Australian company Amphibian Aerospace Industries will build a new version of the legendary Albatross flying boat.
Australian company Amphibian Aerospace Industries (AAI) will build a new version of the legendary Albatross flying boat. Named G-111T, the “new Albatross” will feature new Pratt & Whitney PT6A-67F engines providing substantially improved performance, fuel economy and reliability.
As reported by Aviacionline, the announcement of the project’s progress, including the engine selection, was made in early December after years of coordination between the company and the Northern Territory government to support the creation of a manufacturing sector in Darwin.
AAI president Khoa Hoang complimented the Australian Territory government for its progress in bringing aircraft manufacturing capacity back to the country:
« It had been a long time since sovereign aircraft manufacturing on this scale was considered viable in Australia, but the G-111T Albatross has one of the largest business cases in aircraft manufacturing, which makes it ideal to be manufactured locally and perfect to do right here in the Northern Territory.
«Minister Michael Gunner shared our view that the G-111T Albatross is an incredible aircraft of great practical utility to mankind, regardless of whether it is for passenger transport, humanitarian aid, search and rescue, cargo transport, coastal surveillance, fight against drugs, or a range of other roles.
«[This] announcement is just the very beginning, as we are already working on next-generation technologies to produce new variations, such as the Albatross with a zero-emission hybrid engine and even a stretched 44-seat variant.»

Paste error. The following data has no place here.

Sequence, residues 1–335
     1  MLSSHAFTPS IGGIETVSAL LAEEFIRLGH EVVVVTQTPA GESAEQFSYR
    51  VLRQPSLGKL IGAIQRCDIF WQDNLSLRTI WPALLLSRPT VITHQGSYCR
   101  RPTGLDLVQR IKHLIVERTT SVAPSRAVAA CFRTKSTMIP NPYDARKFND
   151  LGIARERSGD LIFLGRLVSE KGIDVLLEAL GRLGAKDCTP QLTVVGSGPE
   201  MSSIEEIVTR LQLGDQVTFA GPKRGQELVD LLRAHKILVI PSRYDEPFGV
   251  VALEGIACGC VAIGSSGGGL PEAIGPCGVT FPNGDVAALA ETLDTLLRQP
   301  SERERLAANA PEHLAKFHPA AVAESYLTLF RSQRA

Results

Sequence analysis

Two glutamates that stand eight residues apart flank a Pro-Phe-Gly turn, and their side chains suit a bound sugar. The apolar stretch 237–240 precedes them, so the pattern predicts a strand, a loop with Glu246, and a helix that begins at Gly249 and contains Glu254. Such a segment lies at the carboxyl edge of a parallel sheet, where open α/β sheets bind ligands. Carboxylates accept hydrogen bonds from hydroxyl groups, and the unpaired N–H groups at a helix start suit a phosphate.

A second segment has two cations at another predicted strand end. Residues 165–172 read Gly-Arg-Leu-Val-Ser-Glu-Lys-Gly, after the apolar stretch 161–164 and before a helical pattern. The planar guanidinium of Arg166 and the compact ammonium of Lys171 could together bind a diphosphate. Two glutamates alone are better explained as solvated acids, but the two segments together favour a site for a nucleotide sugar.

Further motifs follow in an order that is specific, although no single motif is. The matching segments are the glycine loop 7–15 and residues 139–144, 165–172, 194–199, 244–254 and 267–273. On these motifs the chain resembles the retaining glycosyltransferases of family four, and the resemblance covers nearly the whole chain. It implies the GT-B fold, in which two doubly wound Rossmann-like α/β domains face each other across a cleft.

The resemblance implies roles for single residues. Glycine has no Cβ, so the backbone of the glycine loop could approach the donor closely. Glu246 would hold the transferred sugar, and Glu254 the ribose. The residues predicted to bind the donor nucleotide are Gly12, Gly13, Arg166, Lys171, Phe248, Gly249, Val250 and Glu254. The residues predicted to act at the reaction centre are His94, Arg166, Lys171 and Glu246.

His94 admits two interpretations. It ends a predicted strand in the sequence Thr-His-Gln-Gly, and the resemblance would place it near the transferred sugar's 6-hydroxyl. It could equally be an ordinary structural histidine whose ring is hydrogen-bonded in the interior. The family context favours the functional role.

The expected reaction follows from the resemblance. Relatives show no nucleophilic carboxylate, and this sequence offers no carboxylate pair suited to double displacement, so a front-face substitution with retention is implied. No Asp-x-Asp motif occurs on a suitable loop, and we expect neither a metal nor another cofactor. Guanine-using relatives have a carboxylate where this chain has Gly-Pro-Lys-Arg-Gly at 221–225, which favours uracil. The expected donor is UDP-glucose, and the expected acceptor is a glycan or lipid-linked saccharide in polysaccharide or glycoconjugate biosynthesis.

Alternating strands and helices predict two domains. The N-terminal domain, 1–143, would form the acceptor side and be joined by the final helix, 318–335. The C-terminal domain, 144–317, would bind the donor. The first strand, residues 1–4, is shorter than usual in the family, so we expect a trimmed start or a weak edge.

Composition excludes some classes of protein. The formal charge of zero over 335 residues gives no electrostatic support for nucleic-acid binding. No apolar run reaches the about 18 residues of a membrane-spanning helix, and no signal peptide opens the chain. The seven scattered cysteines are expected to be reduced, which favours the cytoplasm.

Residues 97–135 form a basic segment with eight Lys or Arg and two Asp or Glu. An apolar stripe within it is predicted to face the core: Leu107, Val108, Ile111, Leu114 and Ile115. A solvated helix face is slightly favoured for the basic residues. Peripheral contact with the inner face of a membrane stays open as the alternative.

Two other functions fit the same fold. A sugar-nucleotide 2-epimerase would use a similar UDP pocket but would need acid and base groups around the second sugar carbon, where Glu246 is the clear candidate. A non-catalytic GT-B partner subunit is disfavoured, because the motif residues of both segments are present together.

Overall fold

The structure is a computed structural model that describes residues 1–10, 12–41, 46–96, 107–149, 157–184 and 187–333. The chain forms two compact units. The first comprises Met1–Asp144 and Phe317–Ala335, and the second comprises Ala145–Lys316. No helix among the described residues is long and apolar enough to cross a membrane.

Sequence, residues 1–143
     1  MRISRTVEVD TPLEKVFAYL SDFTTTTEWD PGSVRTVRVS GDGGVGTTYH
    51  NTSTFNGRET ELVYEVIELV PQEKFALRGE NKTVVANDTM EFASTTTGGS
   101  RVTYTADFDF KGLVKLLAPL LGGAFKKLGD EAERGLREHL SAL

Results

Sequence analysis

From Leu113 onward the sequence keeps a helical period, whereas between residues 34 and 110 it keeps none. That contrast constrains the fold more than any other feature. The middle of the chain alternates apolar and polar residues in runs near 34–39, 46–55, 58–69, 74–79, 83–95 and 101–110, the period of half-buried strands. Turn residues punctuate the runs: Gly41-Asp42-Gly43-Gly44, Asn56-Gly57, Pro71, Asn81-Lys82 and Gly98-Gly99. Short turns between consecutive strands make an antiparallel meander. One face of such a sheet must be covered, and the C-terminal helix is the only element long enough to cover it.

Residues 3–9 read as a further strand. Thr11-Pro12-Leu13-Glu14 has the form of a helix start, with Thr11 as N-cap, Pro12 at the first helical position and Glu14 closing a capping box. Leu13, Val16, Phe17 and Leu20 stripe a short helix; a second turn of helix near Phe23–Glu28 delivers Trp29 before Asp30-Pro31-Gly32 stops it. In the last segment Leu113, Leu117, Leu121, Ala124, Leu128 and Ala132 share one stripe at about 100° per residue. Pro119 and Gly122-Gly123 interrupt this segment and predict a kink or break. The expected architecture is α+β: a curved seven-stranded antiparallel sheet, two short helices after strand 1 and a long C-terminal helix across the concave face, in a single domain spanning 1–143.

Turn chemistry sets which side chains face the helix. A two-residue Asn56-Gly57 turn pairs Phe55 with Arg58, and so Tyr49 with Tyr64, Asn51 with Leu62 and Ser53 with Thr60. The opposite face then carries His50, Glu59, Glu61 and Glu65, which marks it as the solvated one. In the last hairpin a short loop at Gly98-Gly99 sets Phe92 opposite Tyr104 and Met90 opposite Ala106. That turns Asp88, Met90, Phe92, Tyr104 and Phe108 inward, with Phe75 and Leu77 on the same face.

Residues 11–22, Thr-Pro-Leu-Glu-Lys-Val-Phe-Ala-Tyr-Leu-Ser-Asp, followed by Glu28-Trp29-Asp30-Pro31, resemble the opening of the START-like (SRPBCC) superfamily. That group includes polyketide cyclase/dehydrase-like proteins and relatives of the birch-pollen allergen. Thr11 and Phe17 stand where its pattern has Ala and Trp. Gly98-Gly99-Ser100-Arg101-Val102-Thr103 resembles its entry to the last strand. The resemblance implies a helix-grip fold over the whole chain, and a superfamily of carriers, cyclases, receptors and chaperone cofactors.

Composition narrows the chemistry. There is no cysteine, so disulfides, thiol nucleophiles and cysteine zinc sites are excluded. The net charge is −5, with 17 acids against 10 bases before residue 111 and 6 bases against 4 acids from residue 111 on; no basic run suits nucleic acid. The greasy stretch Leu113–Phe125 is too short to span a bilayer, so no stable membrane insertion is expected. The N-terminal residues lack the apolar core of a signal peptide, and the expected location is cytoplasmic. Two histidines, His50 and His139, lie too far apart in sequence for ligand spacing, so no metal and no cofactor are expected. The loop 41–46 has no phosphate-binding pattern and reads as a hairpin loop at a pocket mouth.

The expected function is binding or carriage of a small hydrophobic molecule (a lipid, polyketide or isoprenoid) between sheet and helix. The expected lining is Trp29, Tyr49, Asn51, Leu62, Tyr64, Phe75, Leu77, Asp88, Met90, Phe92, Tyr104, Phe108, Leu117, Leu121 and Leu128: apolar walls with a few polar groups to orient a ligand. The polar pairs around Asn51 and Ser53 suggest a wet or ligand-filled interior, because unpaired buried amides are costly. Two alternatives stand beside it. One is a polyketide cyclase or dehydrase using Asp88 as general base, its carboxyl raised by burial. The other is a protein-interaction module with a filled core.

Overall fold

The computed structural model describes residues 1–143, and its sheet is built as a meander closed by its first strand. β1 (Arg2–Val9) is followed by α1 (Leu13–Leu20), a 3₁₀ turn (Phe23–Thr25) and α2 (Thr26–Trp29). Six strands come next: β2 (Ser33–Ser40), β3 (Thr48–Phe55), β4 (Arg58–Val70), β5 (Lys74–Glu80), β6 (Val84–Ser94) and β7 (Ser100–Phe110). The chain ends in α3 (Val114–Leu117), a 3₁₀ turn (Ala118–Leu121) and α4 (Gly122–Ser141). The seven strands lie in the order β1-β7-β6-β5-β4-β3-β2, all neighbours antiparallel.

According to Amphibian Aerospace Industries website, the company was established as the manufacturing and product development arm of the Australian owned Amphibian Aircraft group of companies. The vision for AAI is to be a world leader in the development and production of amphibian aerospace capabilities.
AAI is the holder of US Federal Aviation Administration “Type Certificate” for the HU-16 and G-111 Albatross amphibious aircraft. As the Type Certificate holder for the Albatross family of aircraft, the company is committed to providing ongoing product support and development in parallel with development of their own twin turboprop variants which will soon be available to the market.
The base model of the new Albatross will be the G-111T.
According to AAI, several variants will follow the G-111T on the market
- Combi Passenger/Cargo – 28 pax plus 3 crew and luggage in a comfortable cabin equipped with a galley and restroom easily reconfigured to 4.5 T of useable cargo capacity for water operations
- Aeromedevac – capable of transporting up to 12 stretcher cases in a single lift with basic patient monitoring systems
- Aeromedical – 4-6 stretchers with capacity for more sophisticated medical monitoring and treatment capabilities
- Search & Rescue – capable of missions of up to 12 hours, (extendable to 20 hours with external fuel tanks) equipped with mission systems and sensors tailored to specific customer requirements
Originally designed by Grumman, the Albatross aimed to meet a US Navy requirement for an amphibious utility aircraft which could also operate from snow and ice with skis. During the Korean War, Albatrosses rescued almost 1,000 United Nations personnel from coastal waters and rivers, often behind enemy lines. They also made numerous dramatic and hazardous rescues in Southeast Asia, on occasion taxiing many miles over rough, open water when unable to take off.
The prototype first flew on Oct. 24, 1947, and soon after the US Air Force ordered a quantity for air-sea rescue duties as SA-16As. Grumman delivered 297 A models to the Air Force, mostly for the Air Rescue Service. In 1962 the USAF changed the designation to HU-16.
In 1955 Grumman developed an improved version with a 16 1/2 foot increase in wingspan and larger aileron and tail surfaces. Beginning in 1957, many A models were converted to the B configuration with these improvements.
Photo credit: U.S. Navy modified by FOX 52 via Wikipedia and Amphibian Aerospace Industries
As reported in The Aviation Geek Club